Larry's Obsession; Charlotte's Loss

All standard disclaimers apply.

For Sam.

Never before in his life had he felt anything remotely like this.

"The real world has girls." That was what his cousin Kim's best friend/boyfriend had said after the "party" she had supposedly thrown him for his birthday. And for the first time in in life Larry decided that this was an interesting theory. Girls had never really been a part of his world. They did not frequent the conventions, games, and comic book shops where so much of his life was lived.

Well, one did. And that was the source of all his current turmoil.

Up until now Charlotte had been nothing more than an obnoxious rival. But when his little circle of friends had gone to see that movie she had sat by him and he attempted to put his arm around her shoulders—just to see what all the fuss was about. She had rebuffed him, of course. And that's when it started.

Suddenly Charlotte was no longer just another member of his circle, or even his arch rival as claimant to knowledge of all things comic, RPG, and space opera. Now, suddenly, she seemed something utterly superhuman. She had become a Presence, a Force that fascinated and terrified him, who possessed him utterly, leaving no time or interest left over for his usual hobbies. His appetite left him. Sleep deserted him. And it was only with the greatest effort that he could engage in his usual pastimes.

His mother was certain that he was "coming down with something." Certainly she could be forgiven for drawing this conclusion when she was finding his bed sheets drenched in sweat each morning. Maybe he had a fever?

Larry had to see Charlotte. He'd die if he didn't. On the other hand, he'd die if he did. Arg!

Larry was now sure of only one thing. Whether or not he saw Charlotte he was doomed. Doomed, doomed, doomed.

It wasn't fair! She wasn't obsessing about him! She wasn't losing any sleep, or unable to eat, or ruining her bed with perspiration every night! And he was darn sure she wasn't afraid of him!

Afraid? Yes, that's what he was. Afraid. Terrified. Trembling. Completely at the mercy of this supernatural being, this irresistible siren, this bespectacled succubus who was now in total control of him (probably without even knowing it). He was terrified of her gorgeous red hair . . . her luscious baby fat . . . her beckoning freckles . . . her seductive buck teeth.

He was utterly miserable.

The next trip to the comic book store after falling under the sorceress' enchantment proved to be one of the most difficult tasks he had undertaken in all his nineteen years. He had much rather stay at home, but to do so would not only heighten his mother's anxiety but let his "posse" know that something was not well with him. That couldn't be allowed. So even though he was terror-stricken at the thought of once again laying eyes on the Enchantress, he had to go. Everything must be made to appear normal. He couldn't have his friends suspecting there was the tiniest thing wrong with him. Maybe if he pretended long enough, his problem would go away! But he knew better.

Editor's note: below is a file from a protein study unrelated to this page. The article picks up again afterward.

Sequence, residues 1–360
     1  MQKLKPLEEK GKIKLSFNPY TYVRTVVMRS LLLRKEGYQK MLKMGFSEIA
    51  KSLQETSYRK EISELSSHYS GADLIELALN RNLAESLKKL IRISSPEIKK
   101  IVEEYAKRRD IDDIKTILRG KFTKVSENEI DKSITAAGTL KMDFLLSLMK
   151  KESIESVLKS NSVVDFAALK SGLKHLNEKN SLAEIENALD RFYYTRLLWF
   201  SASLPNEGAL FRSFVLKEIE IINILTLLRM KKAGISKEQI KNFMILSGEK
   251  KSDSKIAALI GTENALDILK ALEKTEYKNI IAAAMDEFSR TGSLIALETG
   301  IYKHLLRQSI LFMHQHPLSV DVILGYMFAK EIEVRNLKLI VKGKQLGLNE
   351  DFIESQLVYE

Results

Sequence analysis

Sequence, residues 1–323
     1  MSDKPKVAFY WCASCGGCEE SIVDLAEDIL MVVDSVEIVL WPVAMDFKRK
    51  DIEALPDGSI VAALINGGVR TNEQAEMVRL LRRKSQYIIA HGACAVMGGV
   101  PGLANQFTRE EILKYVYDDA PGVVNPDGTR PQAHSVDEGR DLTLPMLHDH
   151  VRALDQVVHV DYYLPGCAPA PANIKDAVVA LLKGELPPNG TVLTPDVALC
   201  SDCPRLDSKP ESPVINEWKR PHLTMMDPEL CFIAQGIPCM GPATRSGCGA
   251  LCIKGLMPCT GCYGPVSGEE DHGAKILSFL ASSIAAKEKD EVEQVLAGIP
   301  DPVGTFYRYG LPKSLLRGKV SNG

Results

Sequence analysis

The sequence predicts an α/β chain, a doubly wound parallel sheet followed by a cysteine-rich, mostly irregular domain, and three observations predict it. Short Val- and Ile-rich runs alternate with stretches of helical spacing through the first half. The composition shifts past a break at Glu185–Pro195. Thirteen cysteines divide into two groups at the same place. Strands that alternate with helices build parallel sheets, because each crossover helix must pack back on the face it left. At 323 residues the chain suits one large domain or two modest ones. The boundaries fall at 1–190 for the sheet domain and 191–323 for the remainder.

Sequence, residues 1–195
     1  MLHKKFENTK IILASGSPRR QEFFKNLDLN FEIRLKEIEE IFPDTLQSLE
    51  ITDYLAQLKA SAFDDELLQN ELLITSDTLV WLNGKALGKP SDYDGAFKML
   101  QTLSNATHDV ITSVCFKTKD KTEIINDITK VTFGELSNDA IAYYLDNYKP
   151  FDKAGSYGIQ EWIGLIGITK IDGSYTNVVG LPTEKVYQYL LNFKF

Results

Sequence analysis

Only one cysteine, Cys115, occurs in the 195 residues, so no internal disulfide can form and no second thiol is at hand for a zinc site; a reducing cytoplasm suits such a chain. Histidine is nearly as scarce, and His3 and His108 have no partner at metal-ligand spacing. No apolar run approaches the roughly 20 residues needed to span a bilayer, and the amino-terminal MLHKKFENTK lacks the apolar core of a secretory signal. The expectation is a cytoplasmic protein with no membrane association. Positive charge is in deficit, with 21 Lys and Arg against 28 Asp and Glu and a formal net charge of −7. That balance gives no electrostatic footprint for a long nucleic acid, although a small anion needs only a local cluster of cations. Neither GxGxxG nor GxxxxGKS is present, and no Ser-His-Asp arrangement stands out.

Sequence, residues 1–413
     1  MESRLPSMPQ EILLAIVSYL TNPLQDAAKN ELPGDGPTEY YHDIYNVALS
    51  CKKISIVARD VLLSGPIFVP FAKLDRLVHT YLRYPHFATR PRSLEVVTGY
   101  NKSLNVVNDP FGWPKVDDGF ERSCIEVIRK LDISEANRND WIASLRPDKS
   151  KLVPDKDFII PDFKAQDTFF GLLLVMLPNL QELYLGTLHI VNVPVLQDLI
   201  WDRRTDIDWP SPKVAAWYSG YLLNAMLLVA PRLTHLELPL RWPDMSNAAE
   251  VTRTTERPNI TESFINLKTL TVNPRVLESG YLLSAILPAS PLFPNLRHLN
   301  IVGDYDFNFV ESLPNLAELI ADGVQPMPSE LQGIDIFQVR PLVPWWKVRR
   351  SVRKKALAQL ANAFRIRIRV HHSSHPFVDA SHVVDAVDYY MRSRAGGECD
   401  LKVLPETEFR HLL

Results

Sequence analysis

He found himself staring at the familiar door handle that led to his home-away-from-home, the one place he had heretofore always felt he belonged, had always been in control, had never been afraid. How strange, how ironic, how wrong that he was now afraid to enter this place of refuge! The fantasy magic of RPG's was nothing when compared to the real thing, the spell cast by (his heart fluttered at the thought her her name) Charlotte!!! (Sigh!) Oh well. He'd always known the "real world" was a dangerous place. But now his world was as well.

It just wasn't fair!

And screwing up all his courage and concentrating on hiding his turmoil behind a mask of his usual self, he entered the little store.

Darn! Darn!Darn!!Darn!!!

She wasn't there! What a total waste of time this was!

He returned the greetings of his fellows without much heart. He wasn't interested in them! He wanted Charlotte! But she wasn't here . . . but Charlotte was always here! Why wasn't she here now?

She was doing this on purpose! It was all part of her sinister plan to make him miserable!

He would have liked to ask the others about her, but no . . . better not! Can't let them know anything's up. Keep smiling, you poor unfortunate wretch! Oops, Ned just said something to you and you were spacing out. Better say something. Ned, you infuriating creature, I've got no time for you today! No . . . better not say that. It would help if you actually knew what it was he said to you. Better ask . . . no, better not. That will let him know something's wrong with you. Can't let that happen! My life is ruined already; no need making it any worse by stripping away my status here, the one bit of dignity I have in my life!

So that's what you're up to! Charlotte you are so EVIL!!!

He didn't accept the invitations to join the RPG today. He didn't take up the offers to discuss the latest twists and turns in the comic book universes his heroes lived in. No, not today. He managed to say a few words to everyone on the room and then got out as fast as he could.

Way to go, Lar'! Real smooth!